By Philip Payne, PhD, FACMI, Robert J. Terry Professor and founding Director of the Institute for Informatics at Washington University School of Medicine in St. Louis
When I am asked to speak to the general public about the emerging role of informatics, I often start with an unusual example: buying an airline ticket.
If I were to talk to an airline representative at an airport anywhere in the world, or make a call to a customer service representative, or access a web site or mobile phone application, my personal preferences and details are always available and can be used expedite a purchase of a ticket, a change in an itinerary, or to make travel easier or more enjoyable. These individuals or tools know my travel history, my preferred mode of payment, what types of seats I like to sit in on any number of airplanes, as well as the types of special meals I might like to order. In effect, they are able to personalize my experience as a traveler, using all of the data they have collected about me, over many, many years of travel.
This example illustrates how much of our daily lives are impacted by the data-driven advances, and I could have given similar examples from shopping online to interacting with social media. However, when it comes to visiting a doctor, we still have substantial work to do in order to realize the ongoing impact of data-driven and personalized wellness promotion and care delivery. Addressing this set of needs is the core focus of the scientific field we call biomedical informatics, or just informatics to be more concise.
I want people to view informatics as the broker that sits between technology and the social sciences. For example, as researchers, we all want access high-quality data so we can build the evidence base that will support personalized medicine. Informaticians know how to both gather that high-quality data and then effectively implement new evidence and innovations informed by that data at the point-of-care and beyond.
I want people to view informatics as the broker that sits between technology and the social sciences.
Driving Data in Precision Medicine
At Washington University School of Medicine in St. Louis, we are fortunate to have vast quantities of bio-molecular, clinical, and population-level data. The field of informatics is focused on helping physicians and researchers know the right questions to ask and answer given such data collections.
Informatics methods are essential in determining how to connect the dots between millions of data points, how to contextualize them with the best available scientific knowledge, and then how to deliver the findings produced by analyzing such data back to clinicians and patients so that they can collectively make better and more efficient decisions.
Despite the promise of informatics, one of the ongoing challenges facing the field is determining how to deliver data, information, and knowledge in a way that is both user-friendly and properly integrated with the clinical workflow or patient preferences. By continuing to work to overcome these challenges, we will ultimately be able to make the lives of healthcare providers, patients, their families, and their communities better. This is what motivates us as a field and as individual researchers and leaders in the field of informatics.
Translating Discovery Into Action With Global Impact
One of the important opportunities we have as informaticians is to recognize when the discoveries we generate in our labs or universities have the potential to have broad impact, and then taking measures to realize such benefit, often via the commercialization of such technologies or through the creation of regional, national, and international partnerships. For example, as the founder of an informartics-focused startup, I am always looking for new opportunities to engage with strategic industry partners as means to broadening the scope and impact of our precision medicine initiatives and the tools we develop to enable those endeavors.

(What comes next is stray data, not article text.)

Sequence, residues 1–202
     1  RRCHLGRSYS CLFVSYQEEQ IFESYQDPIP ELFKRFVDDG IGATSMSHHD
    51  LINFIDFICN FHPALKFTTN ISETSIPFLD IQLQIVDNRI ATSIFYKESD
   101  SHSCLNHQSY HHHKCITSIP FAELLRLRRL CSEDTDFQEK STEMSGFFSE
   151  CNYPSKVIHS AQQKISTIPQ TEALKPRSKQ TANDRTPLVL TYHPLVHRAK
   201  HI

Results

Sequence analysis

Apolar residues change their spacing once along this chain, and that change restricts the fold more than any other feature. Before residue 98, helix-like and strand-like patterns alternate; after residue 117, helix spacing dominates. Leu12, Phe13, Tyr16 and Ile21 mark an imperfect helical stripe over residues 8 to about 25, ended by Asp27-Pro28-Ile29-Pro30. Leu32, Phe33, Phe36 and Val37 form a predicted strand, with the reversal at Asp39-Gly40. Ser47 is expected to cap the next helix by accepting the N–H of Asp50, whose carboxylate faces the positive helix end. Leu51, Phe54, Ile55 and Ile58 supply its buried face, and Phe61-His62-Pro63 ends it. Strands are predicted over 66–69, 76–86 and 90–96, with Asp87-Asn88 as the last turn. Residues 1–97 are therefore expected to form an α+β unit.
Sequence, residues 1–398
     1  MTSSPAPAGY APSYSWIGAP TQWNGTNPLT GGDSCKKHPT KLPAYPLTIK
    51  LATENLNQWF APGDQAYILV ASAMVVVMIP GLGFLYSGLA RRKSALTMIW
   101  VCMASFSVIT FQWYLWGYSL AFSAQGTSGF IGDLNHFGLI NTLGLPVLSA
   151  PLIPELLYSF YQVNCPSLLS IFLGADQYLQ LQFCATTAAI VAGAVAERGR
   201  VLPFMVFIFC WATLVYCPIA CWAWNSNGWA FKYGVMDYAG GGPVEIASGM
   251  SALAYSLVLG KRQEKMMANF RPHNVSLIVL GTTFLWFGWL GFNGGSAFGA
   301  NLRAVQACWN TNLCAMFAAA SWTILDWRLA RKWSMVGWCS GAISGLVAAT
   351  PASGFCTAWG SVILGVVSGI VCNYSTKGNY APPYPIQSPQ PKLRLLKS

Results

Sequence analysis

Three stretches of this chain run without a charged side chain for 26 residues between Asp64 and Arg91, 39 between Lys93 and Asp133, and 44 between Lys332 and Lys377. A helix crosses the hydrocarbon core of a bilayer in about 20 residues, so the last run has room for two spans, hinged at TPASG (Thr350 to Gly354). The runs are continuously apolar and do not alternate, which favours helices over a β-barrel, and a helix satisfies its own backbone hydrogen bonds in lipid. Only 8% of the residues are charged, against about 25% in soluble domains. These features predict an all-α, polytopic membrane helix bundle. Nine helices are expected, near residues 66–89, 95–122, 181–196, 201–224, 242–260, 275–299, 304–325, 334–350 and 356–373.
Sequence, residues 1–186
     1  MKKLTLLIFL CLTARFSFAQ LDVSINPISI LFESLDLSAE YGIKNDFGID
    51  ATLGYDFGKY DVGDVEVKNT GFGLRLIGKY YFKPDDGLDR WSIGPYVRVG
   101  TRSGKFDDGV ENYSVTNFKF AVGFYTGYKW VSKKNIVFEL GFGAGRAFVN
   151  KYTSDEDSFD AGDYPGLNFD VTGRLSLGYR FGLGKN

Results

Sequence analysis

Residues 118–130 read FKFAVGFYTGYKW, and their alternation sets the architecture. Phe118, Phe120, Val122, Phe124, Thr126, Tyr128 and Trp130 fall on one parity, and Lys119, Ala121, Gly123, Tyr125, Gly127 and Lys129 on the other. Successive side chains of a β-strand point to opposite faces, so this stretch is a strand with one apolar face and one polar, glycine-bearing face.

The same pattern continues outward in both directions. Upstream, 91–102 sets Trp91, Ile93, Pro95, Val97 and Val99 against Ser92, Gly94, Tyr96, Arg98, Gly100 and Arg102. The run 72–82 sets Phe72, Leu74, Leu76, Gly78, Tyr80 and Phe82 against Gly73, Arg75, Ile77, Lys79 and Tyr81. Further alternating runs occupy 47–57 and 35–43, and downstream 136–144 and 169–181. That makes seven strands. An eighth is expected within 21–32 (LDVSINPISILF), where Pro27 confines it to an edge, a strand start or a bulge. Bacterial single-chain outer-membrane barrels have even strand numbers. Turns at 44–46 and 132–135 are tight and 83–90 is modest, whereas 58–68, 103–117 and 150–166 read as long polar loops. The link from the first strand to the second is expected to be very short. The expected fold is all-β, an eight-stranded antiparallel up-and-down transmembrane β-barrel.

Similarly, the recent partnership between WUSM and MDClone is a great example of the power of data entrepreneurship and public-private partnerships that can accelerate informatics research and applications. Via this collaboration, we will be able to use and extend MDClone’s unique data synthesis technology in order make more of our data accessible to more researchers and collaborators than ever before. Simultaneously, this approach will allow us to protect patient privacy and confidentiality at a level that is unprecedented as compared to traditional approaches to data de-identification. This new platform allows us to view our data as a strategic asset, so that every patient encounter becomes an opportunity to learn and improve that individual’s care, their families’ care, and the care that their community receives, all through the power of what we call a ‘rapid learning healthcare system.’
Bringing It All Together
By using big data to accelerate innovation and practice, we are positioning WUSM to continue to lead advances in personalized and precision medicine. In this context, informatics is both a driver of discovery and scientific productivity, as well as a provider of tools and technologies that can transform research, clinical care, and education. It is an exceptionally exciting time for our field, and one that requires us to embrace and understand our central role in the paradigm shift that is occurring around personalized approaches to healthcare delivery at the individual patient and broader population levels.
This post is part of the “Precision Medicine” series of the Institute for Public Health’s blog. Subscribe to email updates or follow us on Twitter and Facebook to receive notifications about our latest blog posts.Tags: big data, data, informatics, precision medicine